Dan: You might have an operator who for some reason burns more fuel than another operator, even though it’s the same machine and the same work. Telematics data helps us understand why that might be, so we can use it for training opportunities. It's a part of our daily operations. It makes us more efficient, especially on the sales and support side, because we're developing routes and weekly travel schedules based on some of the mapping we can do. On the field service side, it has made us more efficient in situations where we know a technician is out on a light job that won’t take him very long. We can send him to another job, because we can see which technician is closest.

How does telematics affect truck repair and maintenance in your fleet?

 Scott: We can see how many hours and how many miles are on the vehicle, so we have a better idea of how often we need to down a vehicle. We can plan maintenance to help prevent some of the breakdowns. It gives us options. We can look at technicians’ schedules and plan the maintenance or repairs around those times, which helps us tremendously. We can make a strategy on how to effectively do this, and it gives us more communication between the fleet department and the supervisor of that technician, as well as the technician.
 Brandon: Now with the data, we can do a little bit better. We’re not necessarily only looking at the odometer reading. It’s also the engine hours. The technicians understand now that it’s important to focus a little bit more on engine hours. You could push a truck to whatever the maintenance interval is on an odometer, but it might have needed two oil changes in that time in terms of engine hours. Before, we never really had any visibility to that.

What if you lost telematics on your fleet today?

 Scott: It would cripple a lot of stuff I can do, and it would probably force me to hire at least two full-time positions. Previously without telematics, I had to collect every field receipt and review them to make a log showing where they drove, how many miles they drove every day, and in which jurisdictions. If the miles were in different states, you had to compile that data for each quarter and submit it along with information about fuel purchases. It was about a 40-hour report. Having telematics cuts that down significantly.
 Dan: We could not exist today without the data we get from telematics. We monitor every single system on every single machine. We have over 3,000 pieces of mobile equipment and 140 field service trucks that our telematics team is monitoring daily. We get alerts, and we know exactly what systems are failing. Telematics on the equipment is indispensable.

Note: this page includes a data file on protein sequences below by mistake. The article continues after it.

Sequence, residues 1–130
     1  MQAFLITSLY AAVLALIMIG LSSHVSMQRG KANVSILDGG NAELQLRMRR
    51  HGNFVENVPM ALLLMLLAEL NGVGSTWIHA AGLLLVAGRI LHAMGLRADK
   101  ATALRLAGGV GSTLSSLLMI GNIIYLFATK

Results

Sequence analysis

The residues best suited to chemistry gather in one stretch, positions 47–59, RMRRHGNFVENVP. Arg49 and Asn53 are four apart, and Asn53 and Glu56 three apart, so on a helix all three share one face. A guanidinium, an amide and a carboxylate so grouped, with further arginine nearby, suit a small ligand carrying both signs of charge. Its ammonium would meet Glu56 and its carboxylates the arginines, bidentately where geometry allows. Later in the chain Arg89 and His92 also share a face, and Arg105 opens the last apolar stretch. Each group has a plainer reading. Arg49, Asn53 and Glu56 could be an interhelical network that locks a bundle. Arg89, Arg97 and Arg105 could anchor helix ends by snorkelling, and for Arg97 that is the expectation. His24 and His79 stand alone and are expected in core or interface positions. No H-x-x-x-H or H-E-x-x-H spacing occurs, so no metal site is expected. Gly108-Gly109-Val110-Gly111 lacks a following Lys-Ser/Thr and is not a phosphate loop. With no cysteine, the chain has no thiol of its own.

What would you say to another fleet manager considering telematics?

 Scott: If you're not using telematics, you're tying your hands behind your back regarding what you can do with your fleet and how it can help your company, your customers, as well as your employees. It allows us to be more efficient.
 Brandon: There are definitely benefits. Make sure you understand what you want to accomplish with telematics before you jump on. Find a provider that can give you the full spectrum of what it is you need, not just one piece of it. Make sure you understand what it is you're trying to accomplish and be careful of data overload.
 Dan: The first and foremost question is, "What do you want out of it?" What is driving your need to do this? That dictates what kind of system you need.

Improve results with fleet and work truck telematics

When a work truck is down, it isn’t productive or profitable. A truck that isn’t being used efficiently effectively can also drive fleet costs higher. Fleet managers can better track work truck and equipment usage and maintenance needs with the right telematics system. To learn more about work truck solutions and the benefits of telematics for your fleet, visit www.millerwelds.com/worktruck.